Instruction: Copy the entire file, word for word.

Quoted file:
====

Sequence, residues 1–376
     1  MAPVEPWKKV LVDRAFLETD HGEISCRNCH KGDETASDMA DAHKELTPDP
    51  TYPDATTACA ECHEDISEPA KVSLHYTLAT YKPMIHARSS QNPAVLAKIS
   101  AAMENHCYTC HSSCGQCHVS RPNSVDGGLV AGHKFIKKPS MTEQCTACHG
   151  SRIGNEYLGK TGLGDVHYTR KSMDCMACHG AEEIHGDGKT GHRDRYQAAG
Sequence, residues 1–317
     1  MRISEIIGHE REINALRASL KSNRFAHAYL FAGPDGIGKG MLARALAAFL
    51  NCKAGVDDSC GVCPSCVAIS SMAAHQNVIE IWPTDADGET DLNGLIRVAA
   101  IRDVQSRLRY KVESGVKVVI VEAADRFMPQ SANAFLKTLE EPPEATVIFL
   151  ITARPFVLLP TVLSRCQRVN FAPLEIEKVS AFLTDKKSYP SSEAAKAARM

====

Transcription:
Sequence, residues 1–376
     1  MAPVEPWKKV LVDRAFLETD HGEISCRNCH KGDETASDMA DAHKELTPDP
    51  TYPDATTACA ECHEDISEPA KVSLHYTLAT YKPMIHARSS QNPAVLAKIS
   101  AAMENHCYTC HSSCGQCHVS RPNSVDGGLV AGHKFIKKPS MTEQCTACHG
   151  SRIGNEYLGK TGLGDVHYTR KSMDCMACHG AEEIHGDGKT GHRDRYQAAG
Sequence, residues 1–317
     1  MRISEIIGHE REINALRASL KSNRFAHAYL FAGPDGIGKG MLARALAAFL
    51  NCKAGVDDSC GVCPSCVAIS SMAAHQNVIE IWPTDADGET DLNGLIRVAA
   101  IRDVQSRLRY KVESGVKVVI VEAADRFMPQ SANAFLKTLE EPPEATVIFL
   151  ITARPFVLLP TVLSRCQRVN FAPLEIEKVS AFLTDKKSYP SSEAAKAARM